How to Adapt to Changing Buyer Behavior

Resource Center > How to Adapt to Changing Buyer Behavior

The shift to online anonymity has undoubtedly hit sales the hardest in the world of B2B. While some are complaining about the ineffectiveness of intent data, demanding contact information must be known to chase leads, others will be seizing this time to align with new buyer behavior and reap the rewards.

At its core, this shift is forcing B2B teams to focus efforts where they matter most, with aligned goals across the entire revenue team. Marketing and sales will have to work together to accurately identify which leads are ready for follow up, and enable buying teams until they are.

Enable buyers and un-gate your content

Before you gate something, really ask yourself how bad you want to gate that. When accounts are in that crucial phase where they’re making decisions, it’s critical to enable those buying teams better than your competitors. You want to make their decision as frictionless as possible.

Buying teams need to be convinced as a group. Any way you make it more difficult for them to work their process will deter them from buying from you. Remember, buyers are 70% of the way through their buying process by the time they make contact–which they do 83% of the time. If another vendor is enabling that buying group better than you, the remaining 30% of their journey is plenty of time to sway their decision. This means that buyers must have all the content they’ll need to help them choose you, otherwise they may not talk to your reps at all.

Lonely leads aren’t worth chasing

While the shift to online anonymity has seemingly made it more difficult for sellers to know exactly who is engaging with their content, this has created an opportunity for smarter, more efficient allocation of time and resources. This is where intent data comes in.

If one lead from an account has consumed content in the last 30 days, it doesn’t matter how much content they’ve engaged with. If they came alone, they’re not worth chasing. Now, if that account has two or three leads engaging with your content, you’ve probably got a buying team of 10 people on your website. 6sense reports that three out of ten people from a buying team will fill out a form, which tells us that the other seven are on your website anonymously.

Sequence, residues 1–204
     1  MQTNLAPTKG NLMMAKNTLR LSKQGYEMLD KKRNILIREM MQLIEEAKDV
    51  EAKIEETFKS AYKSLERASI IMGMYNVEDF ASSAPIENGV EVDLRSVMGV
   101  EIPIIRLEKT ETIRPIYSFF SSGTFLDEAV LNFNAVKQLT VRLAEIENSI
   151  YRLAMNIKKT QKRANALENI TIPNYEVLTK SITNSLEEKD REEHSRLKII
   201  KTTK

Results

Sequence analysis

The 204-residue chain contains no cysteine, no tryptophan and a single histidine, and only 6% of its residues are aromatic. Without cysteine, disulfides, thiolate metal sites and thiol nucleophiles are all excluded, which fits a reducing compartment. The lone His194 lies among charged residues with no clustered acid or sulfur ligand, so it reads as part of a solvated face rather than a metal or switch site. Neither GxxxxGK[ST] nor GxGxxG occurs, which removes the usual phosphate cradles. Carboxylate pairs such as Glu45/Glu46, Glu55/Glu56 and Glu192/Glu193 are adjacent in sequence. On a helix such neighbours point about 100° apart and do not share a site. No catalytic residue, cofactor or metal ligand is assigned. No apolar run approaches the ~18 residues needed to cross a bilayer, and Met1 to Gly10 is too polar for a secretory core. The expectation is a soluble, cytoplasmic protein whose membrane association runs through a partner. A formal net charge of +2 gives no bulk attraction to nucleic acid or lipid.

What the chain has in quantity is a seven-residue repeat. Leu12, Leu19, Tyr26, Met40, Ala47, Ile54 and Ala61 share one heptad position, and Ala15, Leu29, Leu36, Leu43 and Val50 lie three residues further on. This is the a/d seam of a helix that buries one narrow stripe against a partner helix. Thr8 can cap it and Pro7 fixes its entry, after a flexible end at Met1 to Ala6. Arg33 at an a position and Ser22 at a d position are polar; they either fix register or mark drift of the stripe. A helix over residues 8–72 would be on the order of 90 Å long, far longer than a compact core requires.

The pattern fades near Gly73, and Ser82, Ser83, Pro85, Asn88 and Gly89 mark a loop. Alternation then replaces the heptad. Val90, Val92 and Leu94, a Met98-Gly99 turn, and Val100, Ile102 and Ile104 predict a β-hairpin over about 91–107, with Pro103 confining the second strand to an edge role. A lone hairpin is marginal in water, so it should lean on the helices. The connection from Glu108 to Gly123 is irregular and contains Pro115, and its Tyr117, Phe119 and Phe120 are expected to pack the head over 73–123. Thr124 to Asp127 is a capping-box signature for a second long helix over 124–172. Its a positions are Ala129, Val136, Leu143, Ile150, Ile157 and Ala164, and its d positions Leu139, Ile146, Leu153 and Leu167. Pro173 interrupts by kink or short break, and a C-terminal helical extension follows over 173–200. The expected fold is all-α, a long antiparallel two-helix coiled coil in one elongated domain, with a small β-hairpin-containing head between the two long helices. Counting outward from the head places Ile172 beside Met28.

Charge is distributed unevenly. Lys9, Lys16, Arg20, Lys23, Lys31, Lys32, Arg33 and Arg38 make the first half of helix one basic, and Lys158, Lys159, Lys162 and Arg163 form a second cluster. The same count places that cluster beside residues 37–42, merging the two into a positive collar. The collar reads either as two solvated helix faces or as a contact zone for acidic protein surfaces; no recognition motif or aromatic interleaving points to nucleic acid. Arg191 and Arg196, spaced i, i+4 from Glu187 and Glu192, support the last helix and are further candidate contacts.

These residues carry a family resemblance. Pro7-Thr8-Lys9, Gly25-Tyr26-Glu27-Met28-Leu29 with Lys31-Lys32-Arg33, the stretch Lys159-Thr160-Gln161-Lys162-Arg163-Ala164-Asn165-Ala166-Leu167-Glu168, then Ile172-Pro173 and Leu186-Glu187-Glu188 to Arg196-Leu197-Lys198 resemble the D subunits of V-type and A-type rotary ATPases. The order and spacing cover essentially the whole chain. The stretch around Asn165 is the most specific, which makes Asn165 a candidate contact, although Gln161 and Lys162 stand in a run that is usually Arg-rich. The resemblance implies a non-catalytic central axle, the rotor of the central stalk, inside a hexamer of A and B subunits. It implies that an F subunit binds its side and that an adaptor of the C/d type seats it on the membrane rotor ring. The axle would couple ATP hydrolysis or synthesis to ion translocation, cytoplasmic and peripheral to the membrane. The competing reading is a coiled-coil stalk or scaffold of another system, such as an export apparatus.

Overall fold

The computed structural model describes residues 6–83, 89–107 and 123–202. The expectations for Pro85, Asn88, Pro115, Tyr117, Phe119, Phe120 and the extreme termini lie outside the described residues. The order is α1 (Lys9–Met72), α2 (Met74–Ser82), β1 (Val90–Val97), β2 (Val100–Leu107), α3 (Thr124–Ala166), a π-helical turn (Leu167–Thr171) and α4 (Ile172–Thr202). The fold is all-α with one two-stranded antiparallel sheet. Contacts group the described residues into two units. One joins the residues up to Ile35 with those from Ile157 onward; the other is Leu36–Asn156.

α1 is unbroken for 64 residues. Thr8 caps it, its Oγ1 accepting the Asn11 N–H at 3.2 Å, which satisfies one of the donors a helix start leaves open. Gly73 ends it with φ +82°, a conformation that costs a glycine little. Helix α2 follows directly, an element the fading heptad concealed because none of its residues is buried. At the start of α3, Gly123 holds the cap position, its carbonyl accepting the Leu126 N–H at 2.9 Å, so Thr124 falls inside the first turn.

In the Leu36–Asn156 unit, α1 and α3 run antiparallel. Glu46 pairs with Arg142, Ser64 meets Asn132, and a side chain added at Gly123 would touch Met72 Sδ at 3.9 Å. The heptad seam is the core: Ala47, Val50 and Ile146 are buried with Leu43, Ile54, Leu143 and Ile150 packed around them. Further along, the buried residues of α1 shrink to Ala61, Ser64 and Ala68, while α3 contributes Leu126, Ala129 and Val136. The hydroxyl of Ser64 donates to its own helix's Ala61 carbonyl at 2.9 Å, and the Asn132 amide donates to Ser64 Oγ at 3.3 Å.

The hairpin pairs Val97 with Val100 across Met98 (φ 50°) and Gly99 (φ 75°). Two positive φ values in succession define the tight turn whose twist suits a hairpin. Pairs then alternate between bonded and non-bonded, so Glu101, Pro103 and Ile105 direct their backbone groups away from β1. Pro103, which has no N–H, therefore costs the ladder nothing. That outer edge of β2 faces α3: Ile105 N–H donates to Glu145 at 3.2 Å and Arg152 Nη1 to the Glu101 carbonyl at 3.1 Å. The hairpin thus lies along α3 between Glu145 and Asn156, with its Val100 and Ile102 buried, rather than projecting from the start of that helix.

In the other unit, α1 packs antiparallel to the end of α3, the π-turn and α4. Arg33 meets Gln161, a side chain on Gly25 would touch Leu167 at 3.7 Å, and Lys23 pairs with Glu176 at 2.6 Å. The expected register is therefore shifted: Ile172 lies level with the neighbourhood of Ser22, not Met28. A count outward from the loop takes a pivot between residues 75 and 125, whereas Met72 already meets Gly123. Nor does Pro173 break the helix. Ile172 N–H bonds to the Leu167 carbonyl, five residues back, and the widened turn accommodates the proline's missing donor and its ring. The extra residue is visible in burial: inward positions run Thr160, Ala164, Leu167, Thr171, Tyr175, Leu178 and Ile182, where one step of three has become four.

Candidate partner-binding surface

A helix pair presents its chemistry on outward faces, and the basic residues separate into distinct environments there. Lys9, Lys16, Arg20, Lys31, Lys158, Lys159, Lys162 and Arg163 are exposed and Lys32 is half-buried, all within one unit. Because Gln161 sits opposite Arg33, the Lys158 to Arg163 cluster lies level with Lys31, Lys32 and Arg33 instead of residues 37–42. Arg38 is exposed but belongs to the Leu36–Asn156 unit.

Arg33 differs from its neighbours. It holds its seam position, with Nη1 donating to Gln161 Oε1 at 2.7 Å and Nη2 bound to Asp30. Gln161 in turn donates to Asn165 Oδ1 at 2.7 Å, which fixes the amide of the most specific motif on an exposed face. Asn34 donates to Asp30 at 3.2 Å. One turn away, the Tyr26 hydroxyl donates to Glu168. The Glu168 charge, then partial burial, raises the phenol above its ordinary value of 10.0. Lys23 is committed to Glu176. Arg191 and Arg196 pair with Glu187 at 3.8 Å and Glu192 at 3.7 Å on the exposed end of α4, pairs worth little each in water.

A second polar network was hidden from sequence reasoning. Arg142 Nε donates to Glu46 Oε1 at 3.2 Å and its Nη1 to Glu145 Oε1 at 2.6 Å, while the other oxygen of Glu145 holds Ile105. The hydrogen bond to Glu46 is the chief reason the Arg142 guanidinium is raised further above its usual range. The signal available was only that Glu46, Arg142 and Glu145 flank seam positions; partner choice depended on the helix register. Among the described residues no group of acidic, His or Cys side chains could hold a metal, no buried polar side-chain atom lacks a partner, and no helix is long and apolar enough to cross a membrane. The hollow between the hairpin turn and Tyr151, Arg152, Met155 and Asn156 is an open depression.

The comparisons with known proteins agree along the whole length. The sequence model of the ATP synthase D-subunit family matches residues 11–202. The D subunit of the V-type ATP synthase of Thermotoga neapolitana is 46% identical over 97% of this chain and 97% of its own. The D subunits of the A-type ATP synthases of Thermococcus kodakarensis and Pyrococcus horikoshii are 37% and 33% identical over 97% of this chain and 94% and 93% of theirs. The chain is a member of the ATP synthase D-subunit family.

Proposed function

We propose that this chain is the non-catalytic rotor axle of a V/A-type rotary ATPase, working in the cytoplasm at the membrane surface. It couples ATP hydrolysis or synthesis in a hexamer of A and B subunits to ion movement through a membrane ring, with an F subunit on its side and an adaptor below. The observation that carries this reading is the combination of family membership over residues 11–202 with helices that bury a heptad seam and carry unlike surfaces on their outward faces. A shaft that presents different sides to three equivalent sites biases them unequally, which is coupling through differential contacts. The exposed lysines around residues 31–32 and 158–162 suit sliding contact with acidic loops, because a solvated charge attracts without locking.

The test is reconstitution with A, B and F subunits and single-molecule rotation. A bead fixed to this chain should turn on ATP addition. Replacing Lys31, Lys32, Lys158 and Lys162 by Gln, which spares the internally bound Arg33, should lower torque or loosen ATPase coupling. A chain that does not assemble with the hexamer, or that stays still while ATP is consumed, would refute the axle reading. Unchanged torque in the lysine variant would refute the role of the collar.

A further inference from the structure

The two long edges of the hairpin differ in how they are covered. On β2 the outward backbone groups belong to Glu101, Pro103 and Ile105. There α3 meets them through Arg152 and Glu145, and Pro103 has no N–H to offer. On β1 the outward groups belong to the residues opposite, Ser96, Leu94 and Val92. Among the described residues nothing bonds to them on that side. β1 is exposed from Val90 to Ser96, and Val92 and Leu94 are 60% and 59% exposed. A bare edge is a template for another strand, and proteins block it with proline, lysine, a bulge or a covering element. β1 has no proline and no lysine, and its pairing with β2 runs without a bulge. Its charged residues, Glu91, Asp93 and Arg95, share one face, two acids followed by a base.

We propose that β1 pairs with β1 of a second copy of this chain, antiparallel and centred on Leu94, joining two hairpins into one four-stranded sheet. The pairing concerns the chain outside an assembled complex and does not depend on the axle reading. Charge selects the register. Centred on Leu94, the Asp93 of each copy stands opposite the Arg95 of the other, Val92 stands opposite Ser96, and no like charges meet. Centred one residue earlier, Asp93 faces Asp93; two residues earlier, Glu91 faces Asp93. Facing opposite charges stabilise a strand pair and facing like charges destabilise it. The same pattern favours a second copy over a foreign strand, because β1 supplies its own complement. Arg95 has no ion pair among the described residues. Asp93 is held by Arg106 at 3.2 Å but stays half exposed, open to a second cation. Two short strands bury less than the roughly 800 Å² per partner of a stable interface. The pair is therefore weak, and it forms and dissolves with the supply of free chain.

Chasing leads just isn’t worth it anymore. Instead, roll up intent data to the account level and offer those contacts heavy-weight HVOs. The common thread running through this entire shift is that sellers have to put value and experiences first, and their products second or even third. This is a hard thing for traditional B2B marketers and sellers to do. But what this data is clearly saying is you have to do it.

Rethink the way you view SDR functions

The accounts that do reach out are where your efforts should be focused most, but that’s not to say sellers should sit around and wait until the invite comes. Sales functions have always been very focused in the short term, but with buying cycles becoming longer and anonymity, it’s time we rethink the way we use the SDR function.

SDRs should be adding value to the purchase experience and enabling buying groups. It’s a mindset shift – from catching to connecting, from pursuing to providing. Considering only a small fraction of your ICP is actually in market at any given time, there is no sense in selling to prospects that literally have no immediate intention of buying.

Chasing leads will only alienate the people who will become potential buyers at some point. Leave them alone until they’ve asked you to contact them, and use your SDRs to make sure your prospects know about every possible way you can provide value to them when the account is actually in-market.

Where do you spend your time?

We know that buyers are really buying groups today, and while a single lead shouldn’t be undervalued, the strongest signal of a potential buying decision is collective interest.

Consider the logic of it. One person filled out a form and nobody else from their account has been on your website. You’ve got another account where one person filled out a form and five other people who’ve been on the website anonymously.

Where do you spend your time? You don’t have to be in B2B to get that answer right.